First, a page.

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by Alexandra Anderson-Spivy
"Pattern and Decoration, An Ideal Vision in American Art, 1975-1985," Oct. 27, 2007-Jan. 20, 2008, at the Hudson River Museum, 511 Warburton Avenue, Yonkers, N.Y. 10701

"PostDec: Beyond Pattern and Decoration," Nov. 9-Dec. 23, 2007, at the Joseloff Gallery, Hartford Art School, University of Hartford, 200 Bloomfield Avenue, West Hartford, Conn. 06117

Is it time for a reassessment of Pattern and Decoration, the painting movement from the 1970s known informally as "P&D"? Though a prime opportunity for a savvy major museum survey still exists for the taking, we do have two recent shows at regional museums that provide a good start.

It was over 30 years ago that the polemical passions and youthful energy of a new generation of artists propelled the goals of P&D into the limelight. Forming what turned out to be a transitory coalition, this group of disparate artists rebelled against the authority of Minimalism’s dour austerities and the chilly rigors of Conceptual Art. Instead, these iconoclasts served up laces, African and Indian fabrics, fur, feathers, sequins and glitter, Orientalist arabesques and floral patterns from 1950s wallpapers.

Like generations of artists before them, they aimed to shake up a Eurocentric, male-dominated art establishment. With unfettered enthusiasm, the P&D artists took both high and low images from global cultures, and made a special point of incorporating into their work traditionally feminine materials and techniques, notably needlework and appliqué. These artists aggressively rejected the prevailing hierarchy of materials and styles and embraced what was then considered "bad taste." They adored the ironic riches of kitsch and asked, "Who says what is good taste anyway?"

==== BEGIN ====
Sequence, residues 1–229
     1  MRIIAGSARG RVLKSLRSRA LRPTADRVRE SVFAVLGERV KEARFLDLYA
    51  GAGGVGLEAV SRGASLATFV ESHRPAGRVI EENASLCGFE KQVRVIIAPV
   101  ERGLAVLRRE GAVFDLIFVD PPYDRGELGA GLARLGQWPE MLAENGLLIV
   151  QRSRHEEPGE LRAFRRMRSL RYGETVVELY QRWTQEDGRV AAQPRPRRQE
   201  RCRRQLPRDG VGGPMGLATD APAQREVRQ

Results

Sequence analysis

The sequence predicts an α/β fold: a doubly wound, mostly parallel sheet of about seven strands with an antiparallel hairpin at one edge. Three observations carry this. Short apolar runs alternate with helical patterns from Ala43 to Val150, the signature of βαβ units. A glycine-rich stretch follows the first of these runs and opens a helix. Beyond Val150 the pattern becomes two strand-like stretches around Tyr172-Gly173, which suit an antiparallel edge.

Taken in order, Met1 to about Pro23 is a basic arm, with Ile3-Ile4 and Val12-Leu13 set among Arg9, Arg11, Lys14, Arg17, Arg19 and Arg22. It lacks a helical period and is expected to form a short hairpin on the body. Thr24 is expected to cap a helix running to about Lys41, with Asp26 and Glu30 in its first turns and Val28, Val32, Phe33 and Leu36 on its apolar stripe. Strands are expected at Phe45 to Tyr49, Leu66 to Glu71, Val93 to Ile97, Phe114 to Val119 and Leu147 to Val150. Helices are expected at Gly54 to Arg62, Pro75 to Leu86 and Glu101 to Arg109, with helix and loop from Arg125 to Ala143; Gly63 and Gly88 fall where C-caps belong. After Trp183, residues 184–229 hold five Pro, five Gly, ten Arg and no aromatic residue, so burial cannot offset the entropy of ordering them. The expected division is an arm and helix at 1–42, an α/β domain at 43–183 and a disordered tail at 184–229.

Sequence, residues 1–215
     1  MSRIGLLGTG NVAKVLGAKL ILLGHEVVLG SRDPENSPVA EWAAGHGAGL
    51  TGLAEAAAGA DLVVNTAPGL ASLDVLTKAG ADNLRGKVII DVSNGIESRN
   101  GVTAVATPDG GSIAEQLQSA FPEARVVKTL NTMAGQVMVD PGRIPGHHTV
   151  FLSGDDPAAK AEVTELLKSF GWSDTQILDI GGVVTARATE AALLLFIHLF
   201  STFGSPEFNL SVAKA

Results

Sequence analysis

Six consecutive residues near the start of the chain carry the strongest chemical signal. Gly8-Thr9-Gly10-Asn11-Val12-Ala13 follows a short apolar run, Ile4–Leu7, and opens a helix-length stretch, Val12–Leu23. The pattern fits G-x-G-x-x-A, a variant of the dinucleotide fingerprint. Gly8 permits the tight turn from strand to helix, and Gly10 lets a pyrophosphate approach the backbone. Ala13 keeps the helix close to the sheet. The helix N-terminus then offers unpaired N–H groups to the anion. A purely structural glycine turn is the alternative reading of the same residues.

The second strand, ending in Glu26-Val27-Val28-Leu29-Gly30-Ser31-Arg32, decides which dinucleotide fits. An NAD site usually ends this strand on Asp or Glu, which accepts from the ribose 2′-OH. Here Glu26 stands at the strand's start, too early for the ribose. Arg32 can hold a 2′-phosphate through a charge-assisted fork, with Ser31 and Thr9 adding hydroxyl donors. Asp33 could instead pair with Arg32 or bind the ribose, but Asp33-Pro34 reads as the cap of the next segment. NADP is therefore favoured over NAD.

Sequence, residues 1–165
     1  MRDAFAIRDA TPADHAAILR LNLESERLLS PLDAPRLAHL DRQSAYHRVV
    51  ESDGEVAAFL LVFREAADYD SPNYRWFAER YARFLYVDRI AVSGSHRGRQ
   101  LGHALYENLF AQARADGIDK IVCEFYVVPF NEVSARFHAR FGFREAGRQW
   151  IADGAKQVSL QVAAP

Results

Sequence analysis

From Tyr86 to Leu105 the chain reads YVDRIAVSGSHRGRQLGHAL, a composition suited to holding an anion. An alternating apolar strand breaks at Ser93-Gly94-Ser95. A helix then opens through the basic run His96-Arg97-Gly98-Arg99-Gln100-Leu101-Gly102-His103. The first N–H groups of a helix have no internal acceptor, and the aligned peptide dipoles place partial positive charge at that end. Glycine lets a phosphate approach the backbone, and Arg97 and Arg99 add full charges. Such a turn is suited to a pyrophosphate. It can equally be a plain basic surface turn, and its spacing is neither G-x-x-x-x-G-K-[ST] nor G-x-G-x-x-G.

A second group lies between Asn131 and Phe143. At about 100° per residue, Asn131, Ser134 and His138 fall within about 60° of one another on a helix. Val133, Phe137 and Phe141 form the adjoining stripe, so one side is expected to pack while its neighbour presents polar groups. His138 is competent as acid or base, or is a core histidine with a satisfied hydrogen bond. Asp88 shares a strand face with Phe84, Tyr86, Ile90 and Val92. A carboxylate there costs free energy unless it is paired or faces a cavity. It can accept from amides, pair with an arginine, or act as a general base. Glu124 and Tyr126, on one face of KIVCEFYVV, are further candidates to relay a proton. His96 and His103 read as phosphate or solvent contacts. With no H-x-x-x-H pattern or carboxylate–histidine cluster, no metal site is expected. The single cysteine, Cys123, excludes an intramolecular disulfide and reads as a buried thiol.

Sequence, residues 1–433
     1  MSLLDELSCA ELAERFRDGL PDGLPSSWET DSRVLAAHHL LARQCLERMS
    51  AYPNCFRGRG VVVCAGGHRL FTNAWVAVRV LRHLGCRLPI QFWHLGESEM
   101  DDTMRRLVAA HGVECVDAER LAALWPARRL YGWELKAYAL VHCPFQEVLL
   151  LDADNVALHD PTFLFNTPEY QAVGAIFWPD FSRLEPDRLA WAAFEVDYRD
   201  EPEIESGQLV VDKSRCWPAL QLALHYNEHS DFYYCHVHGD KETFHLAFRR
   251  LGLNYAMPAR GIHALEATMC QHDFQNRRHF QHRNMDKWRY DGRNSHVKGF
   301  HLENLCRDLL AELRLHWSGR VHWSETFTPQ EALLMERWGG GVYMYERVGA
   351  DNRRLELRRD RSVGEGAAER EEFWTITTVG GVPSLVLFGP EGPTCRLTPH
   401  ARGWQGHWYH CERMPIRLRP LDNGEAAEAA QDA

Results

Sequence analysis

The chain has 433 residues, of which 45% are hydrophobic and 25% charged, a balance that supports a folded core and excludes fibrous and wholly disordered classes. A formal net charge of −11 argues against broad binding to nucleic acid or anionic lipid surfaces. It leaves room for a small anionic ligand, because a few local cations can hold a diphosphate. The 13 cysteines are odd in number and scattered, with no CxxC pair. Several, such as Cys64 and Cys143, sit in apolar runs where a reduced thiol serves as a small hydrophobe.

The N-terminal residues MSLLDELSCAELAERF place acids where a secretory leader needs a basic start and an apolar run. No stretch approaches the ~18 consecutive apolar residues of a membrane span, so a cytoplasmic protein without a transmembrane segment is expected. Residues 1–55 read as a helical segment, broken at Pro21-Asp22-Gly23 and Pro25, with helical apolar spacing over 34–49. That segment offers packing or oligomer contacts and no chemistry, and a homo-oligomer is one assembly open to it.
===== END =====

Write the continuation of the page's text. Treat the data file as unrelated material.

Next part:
This dynamic energizes "Pattern and Decoration, An Ideal Vision" at the Hudson River Museum in Yonkers. Cynthia Carlson, Brad Davis, Valerie Jaudon, Jane Kaufman, Joyce Kozloff, Robert Kushner, Kim MacConnel, Tony Robbin, Miriam Schapiro, Ned Smyth and Bob Zakanitch made the curatorial cut. Selecting only 35 works by those 11 artists, curator Anne Swartz focuses on a core group that, between 1975 and the early 1980s, energetically attacked any barriers between fine and decorative art. While the catalogue -- whose contributors include Arthur Danto and John Perreault -- stresses shared theoretical and ideological concerns, the exhibition accentuates the stylistic differences among the artists that existed from the start.

Today, one of the more interesting components of P&D was its challenge to male domination of the art world, which certainly motivated Miriam Schapiro. In the late 1960s when she was teaching at UC San Diego, Schapiro organized an art program that pioneered an aggressively feminist approach to overlooked materials and art practices. But feminist concerns were only one of the various engines of P&D.